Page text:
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    As a Belgian having lived in Ireland, Spain, France and now Germany, I certainly feel European. I have witnessed the European identity everywhere I lived at different degrees. Germans and Belgians definitely have a strong bond with Europe as an institution. Spaniards are lukewarm, probably because they feel like they owe a lot to the EU membership, and Ireland has seen a big shift from enthusiastic pro-European feeling to eurosceptiscism. The French have always been critical of anything they did not fully control. As a global feeling, I think the enlargement was perceived like a threat to local employment and would lead to social welfare abuse, but eastern Europeans have proved to adapt very quickly and effectively to their new environment. Polish and Czech immigration has been a success in the UK and Ireland and most of these immigrants were economic migrants that tend in the majority to go back to their native country after some time. The tensions some expected to rise did not happen. However, islamic immigration is a factor that tends to make populism and nationalism rise. The EU would have a great card to play to push its agenda if non-European immigration, legal and illegal, would be tackled and severely controlled. Most people tend to see the EU responsible for the reckless islamisation of their major cities, which has a negative impact on the feeling of belonging to a European structure.
    The main issue is to find a link between the geopolitical, cultural and historical Europe, which is a neverending list of wars, battles, tug-of-war games between superpowers and empires since the Fall of the Roman Empire, and the new structure the EU tries to create. What is the place of the citizen in a Europe where laws are being voted by people they did not elect, why are billions of Euros worth money jeopardized in a project that duplicates what every national government can provide? We surely all feel Europeans because of our past, but national sensitivities remain all the more central to us, for fear of losing our identities for the sake of building a supersized superstate, often perceived as a bureaucratic monster. The EU will face a great challenge to get the confidence of the citizens after the chaotic management of the financial crises. Resentment is heavy from some members towards others, and people will remember the crisis has been dealt with by Merkel and Sarkozy while Van Rompuy and Barroso looked like 2 idiots completely overblown by the occurences. National governments are likely to come out stronger of the crisis, and it will raise the question of the purpose of a political Union, which for many has no need to be.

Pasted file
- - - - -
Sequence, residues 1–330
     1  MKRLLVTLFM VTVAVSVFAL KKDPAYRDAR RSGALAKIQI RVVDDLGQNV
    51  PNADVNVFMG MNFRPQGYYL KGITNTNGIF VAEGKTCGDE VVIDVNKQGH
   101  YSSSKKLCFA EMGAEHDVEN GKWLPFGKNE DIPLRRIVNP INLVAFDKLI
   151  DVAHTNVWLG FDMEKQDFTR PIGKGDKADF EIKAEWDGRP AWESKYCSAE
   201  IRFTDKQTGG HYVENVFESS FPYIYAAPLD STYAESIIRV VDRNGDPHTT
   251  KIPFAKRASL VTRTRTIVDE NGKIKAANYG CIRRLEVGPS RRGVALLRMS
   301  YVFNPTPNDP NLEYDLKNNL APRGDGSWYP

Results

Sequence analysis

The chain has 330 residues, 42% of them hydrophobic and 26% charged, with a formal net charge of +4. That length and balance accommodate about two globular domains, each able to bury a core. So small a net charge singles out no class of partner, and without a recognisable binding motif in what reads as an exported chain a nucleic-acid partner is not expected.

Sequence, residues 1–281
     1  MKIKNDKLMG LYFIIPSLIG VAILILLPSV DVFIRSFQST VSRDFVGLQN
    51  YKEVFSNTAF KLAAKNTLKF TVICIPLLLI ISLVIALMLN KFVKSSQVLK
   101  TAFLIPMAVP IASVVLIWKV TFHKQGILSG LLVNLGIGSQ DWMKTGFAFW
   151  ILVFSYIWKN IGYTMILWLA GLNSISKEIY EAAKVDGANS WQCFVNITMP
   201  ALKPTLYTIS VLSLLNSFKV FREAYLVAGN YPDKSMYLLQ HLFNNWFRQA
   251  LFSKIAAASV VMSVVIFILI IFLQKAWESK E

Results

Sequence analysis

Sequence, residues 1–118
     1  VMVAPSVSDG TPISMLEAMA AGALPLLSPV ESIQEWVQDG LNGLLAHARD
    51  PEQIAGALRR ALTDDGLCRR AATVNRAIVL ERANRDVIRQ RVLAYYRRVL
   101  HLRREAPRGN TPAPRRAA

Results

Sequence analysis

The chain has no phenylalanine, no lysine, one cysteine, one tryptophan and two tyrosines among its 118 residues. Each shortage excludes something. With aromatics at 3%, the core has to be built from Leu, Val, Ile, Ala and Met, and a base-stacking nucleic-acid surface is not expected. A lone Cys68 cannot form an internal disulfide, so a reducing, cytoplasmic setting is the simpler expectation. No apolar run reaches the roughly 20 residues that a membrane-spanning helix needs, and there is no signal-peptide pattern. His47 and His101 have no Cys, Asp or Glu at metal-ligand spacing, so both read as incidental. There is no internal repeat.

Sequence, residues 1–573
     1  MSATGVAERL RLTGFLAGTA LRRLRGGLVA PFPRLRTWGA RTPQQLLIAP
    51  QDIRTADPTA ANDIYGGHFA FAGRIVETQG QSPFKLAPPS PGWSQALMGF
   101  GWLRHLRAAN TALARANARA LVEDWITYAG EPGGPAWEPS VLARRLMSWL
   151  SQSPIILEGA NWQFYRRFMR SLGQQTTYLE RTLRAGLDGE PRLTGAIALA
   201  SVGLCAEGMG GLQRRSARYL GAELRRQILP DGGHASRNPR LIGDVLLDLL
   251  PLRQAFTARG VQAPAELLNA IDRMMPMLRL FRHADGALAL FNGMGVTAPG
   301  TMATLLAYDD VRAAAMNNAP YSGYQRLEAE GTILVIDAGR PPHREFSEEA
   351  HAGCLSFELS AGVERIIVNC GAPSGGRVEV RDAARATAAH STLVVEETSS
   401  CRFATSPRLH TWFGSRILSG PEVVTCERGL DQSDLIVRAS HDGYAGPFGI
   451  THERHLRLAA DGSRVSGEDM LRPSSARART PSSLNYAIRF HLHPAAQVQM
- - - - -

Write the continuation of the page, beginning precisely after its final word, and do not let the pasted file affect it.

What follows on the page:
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    I think a European identity definitely exists but I've no idea how it could be defined. It is a fairly loose and amphorous concept that seems to mean something slightly different to everyone. But there is a definite feeling of European unity, despite the squabbles.

    Although, I'm not sure that anyone would define themselves as European, if asked where they are from. I think most would give their nationality or country of birth first priority.

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    I think there was a European identity based on ancient Greek culture and thought, Roman politics and empire, Chiristian ideology before modern times.Now you are rebuilding it!

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    Now one of the biggest question for European people is how to politicize and socialize this identity, I think.
    But if colonists from different parts of Europe could build the U.S. in the 18th century, you can do it---build United States of Europe today too.

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    Quote Originally Posted by kgnju View Post
    Now one of the biggest question for European people is how to politicize and socialize this identity, I think.